An attempt by Al-Qaeda militants to infiltrate Saudi Arabia from Yemen left five security officers dead on the two sides of the border, along with five assailants, officials said Saturday.
The Saudi interior ministry said six assailants attacked the Wadia border post in the south of the kingdom on Friday.
After an initial clash on Yemen's side of the border that left a Yemeni soldier dead, according to a security official in Sanaa, the infiltrators in a four-wheel-drive attacked a Saudi border patrol vehicle, killing the driver.
They seized the car, sparking a chase in which two Saudi police were killed along with three of the assailants, the interior ministry said.
It said one of them was wounded and arrested, while the two others fled to the nearby Sharura district with the seized vehicle.
They took over an intelligence building where they killed a fourth member of the Saudi security services.
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Pinned down and encircled by security forces for several hours, they refused to surrender and blew themselves up early Saturday, a ministry spokesman said in a statement carried by state news agency SPA.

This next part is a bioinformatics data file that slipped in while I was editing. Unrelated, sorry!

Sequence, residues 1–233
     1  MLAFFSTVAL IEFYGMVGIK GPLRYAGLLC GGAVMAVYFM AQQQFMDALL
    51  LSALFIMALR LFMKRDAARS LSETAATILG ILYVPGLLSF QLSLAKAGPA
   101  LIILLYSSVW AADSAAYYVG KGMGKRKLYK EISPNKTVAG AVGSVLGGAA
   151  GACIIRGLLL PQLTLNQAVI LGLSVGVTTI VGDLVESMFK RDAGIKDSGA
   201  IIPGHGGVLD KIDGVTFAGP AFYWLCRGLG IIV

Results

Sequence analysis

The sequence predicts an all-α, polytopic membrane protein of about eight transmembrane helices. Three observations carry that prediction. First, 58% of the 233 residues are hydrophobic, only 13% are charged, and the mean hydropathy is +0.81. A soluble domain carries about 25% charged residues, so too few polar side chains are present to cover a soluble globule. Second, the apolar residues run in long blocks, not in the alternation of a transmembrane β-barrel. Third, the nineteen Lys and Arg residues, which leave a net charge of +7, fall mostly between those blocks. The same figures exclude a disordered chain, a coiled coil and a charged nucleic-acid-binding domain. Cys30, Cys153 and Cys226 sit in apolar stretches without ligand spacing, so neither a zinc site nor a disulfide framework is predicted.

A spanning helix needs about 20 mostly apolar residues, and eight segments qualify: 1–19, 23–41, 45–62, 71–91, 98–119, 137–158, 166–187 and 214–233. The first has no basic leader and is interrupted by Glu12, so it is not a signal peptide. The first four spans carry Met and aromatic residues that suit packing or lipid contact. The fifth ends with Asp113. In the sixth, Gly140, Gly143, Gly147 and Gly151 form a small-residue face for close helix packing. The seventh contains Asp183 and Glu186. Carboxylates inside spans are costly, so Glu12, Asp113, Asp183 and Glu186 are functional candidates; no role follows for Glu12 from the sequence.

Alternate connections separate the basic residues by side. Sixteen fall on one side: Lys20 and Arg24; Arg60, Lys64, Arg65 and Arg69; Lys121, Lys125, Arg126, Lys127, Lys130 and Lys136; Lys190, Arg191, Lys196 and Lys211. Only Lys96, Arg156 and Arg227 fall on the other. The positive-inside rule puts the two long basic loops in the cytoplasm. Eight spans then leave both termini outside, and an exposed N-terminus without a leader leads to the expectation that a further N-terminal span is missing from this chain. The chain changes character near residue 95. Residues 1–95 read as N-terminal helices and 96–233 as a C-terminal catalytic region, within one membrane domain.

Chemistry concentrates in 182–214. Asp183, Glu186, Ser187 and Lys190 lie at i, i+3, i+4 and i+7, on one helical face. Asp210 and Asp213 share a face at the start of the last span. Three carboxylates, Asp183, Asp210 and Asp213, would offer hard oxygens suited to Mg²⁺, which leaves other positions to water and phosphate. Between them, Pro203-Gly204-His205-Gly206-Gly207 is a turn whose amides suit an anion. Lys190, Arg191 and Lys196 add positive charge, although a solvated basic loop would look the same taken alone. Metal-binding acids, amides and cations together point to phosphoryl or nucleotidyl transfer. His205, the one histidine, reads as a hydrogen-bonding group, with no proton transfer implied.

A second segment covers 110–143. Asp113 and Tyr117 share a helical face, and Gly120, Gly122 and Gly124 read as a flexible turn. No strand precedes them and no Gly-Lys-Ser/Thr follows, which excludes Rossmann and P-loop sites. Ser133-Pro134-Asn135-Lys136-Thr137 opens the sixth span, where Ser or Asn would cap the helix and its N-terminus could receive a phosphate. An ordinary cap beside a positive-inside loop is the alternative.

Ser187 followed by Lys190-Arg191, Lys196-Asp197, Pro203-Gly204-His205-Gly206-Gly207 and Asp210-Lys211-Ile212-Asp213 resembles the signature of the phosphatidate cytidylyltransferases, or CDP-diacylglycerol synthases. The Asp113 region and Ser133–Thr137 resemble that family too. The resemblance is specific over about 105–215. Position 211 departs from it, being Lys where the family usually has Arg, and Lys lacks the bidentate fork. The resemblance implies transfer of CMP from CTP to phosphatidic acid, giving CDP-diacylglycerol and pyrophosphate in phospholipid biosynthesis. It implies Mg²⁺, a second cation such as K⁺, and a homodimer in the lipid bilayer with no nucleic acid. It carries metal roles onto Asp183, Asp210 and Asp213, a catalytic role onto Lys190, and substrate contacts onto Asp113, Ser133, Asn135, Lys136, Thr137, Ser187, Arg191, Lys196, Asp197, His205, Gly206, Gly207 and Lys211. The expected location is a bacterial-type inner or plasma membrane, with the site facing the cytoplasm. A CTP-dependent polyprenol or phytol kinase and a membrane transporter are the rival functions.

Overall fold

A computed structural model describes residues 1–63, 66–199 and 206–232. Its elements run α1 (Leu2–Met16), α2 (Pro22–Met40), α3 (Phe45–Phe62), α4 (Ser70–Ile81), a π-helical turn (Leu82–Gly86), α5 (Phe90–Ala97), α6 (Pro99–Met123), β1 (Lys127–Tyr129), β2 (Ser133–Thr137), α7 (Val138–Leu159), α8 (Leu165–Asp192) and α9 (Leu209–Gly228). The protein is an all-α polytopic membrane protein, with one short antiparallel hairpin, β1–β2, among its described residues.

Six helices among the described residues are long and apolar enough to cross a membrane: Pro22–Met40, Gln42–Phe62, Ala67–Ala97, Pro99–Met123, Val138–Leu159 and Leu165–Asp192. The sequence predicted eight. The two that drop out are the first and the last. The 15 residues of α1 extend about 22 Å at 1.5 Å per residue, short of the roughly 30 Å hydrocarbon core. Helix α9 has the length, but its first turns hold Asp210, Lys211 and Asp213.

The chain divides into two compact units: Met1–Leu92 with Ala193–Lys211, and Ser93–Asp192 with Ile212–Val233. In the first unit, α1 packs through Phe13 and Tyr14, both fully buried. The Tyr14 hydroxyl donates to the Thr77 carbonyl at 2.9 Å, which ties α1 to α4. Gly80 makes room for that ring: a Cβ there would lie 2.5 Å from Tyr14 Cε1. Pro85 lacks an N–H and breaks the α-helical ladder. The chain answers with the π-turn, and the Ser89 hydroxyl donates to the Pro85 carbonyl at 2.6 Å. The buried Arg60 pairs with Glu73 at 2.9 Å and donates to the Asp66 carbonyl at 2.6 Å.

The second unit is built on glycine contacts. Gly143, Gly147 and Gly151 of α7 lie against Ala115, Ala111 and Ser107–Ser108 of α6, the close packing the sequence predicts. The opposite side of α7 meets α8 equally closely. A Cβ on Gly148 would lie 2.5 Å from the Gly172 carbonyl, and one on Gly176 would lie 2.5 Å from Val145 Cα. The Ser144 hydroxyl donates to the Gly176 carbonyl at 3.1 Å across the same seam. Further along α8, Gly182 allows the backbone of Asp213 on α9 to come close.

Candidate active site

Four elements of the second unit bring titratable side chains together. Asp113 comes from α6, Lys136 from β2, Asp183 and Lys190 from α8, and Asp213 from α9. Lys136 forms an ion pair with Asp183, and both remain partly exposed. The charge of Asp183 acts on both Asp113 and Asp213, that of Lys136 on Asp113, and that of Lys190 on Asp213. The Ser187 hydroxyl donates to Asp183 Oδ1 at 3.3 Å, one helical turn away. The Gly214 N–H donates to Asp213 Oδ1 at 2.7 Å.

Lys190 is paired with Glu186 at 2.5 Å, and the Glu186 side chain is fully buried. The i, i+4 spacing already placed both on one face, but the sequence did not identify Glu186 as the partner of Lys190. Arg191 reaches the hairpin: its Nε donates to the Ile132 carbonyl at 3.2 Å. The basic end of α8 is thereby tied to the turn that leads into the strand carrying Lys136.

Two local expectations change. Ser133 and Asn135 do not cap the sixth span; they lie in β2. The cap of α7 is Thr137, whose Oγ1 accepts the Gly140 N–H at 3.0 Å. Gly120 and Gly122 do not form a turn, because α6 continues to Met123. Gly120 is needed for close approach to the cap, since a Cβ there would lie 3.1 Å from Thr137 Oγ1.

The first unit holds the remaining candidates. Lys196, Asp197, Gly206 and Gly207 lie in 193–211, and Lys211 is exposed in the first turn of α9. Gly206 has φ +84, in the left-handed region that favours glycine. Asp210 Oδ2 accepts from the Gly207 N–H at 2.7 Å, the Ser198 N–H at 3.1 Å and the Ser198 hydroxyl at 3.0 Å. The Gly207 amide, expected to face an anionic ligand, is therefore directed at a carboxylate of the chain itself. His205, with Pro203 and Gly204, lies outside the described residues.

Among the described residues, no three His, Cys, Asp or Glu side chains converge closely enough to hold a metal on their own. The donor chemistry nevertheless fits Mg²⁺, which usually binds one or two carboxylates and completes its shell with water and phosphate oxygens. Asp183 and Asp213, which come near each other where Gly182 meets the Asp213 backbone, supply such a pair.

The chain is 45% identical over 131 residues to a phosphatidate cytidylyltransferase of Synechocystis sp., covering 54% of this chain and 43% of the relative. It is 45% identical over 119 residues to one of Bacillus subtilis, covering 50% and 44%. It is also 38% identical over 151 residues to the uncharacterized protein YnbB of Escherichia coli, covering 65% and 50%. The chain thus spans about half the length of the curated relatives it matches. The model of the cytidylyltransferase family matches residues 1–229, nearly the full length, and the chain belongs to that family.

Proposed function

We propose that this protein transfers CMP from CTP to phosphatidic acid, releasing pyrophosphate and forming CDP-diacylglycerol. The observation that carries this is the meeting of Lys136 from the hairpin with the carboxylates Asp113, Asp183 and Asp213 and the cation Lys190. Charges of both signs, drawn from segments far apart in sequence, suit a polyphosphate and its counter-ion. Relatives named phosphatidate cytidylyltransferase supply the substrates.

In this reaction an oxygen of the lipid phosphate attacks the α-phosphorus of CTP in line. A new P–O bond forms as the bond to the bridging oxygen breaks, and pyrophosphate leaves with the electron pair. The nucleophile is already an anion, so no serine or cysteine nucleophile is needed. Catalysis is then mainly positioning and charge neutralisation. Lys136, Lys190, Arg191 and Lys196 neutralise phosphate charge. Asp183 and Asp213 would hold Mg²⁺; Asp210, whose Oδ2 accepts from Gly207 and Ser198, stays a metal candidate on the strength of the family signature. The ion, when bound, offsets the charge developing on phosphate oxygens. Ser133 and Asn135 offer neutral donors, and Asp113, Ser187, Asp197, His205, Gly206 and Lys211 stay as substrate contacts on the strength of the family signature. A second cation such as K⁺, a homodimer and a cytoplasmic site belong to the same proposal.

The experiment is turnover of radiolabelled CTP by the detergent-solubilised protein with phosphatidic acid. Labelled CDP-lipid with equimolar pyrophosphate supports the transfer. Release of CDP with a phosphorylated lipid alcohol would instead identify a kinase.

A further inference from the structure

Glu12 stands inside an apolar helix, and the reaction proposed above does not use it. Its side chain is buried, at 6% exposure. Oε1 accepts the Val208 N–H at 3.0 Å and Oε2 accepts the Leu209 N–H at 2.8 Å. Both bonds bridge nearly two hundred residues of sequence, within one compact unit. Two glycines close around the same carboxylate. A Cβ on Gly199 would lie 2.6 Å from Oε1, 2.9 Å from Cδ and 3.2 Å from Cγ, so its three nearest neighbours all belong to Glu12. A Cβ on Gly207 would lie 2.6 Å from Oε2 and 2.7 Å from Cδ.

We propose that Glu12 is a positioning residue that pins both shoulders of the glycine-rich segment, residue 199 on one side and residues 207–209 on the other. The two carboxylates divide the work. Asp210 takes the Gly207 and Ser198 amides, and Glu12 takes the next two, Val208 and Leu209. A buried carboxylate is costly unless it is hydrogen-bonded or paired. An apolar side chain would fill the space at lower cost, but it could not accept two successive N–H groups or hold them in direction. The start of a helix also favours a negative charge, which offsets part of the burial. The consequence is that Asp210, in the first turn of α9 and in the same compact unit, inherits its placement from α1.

The Yemeni security source said the assailants were armed with machineguns and rocket-propelled grenades.
The crossing is in Yemen's southeastern province of Hadramawt, whose rugged terrain provides hideouts for militants of Al-Qaeda in the Arabian Peninsula.
AQAP, born in 2009 of a fusion of the Saudi and Yemeni branches of Al-Qaeda, is considered by Washington to be the jihadist network's most dangerous affiliate.
To counter illegal crossings and arms smuggling, Saudi Arabia is building a three-metre (10-foot) high fence along its southern frontier.
Taking advantage of a collapse of central authority during a 2011 uprising that forced Yemen's veteran strongman Ali Abdullah Saleh from power, Al-Qaeda seized swathes of the country's south and east.
Saudi Arabia launched a massive crackdown on Al-Qaeda following a spate of deadly attacks in the kingdom from 2003-2006.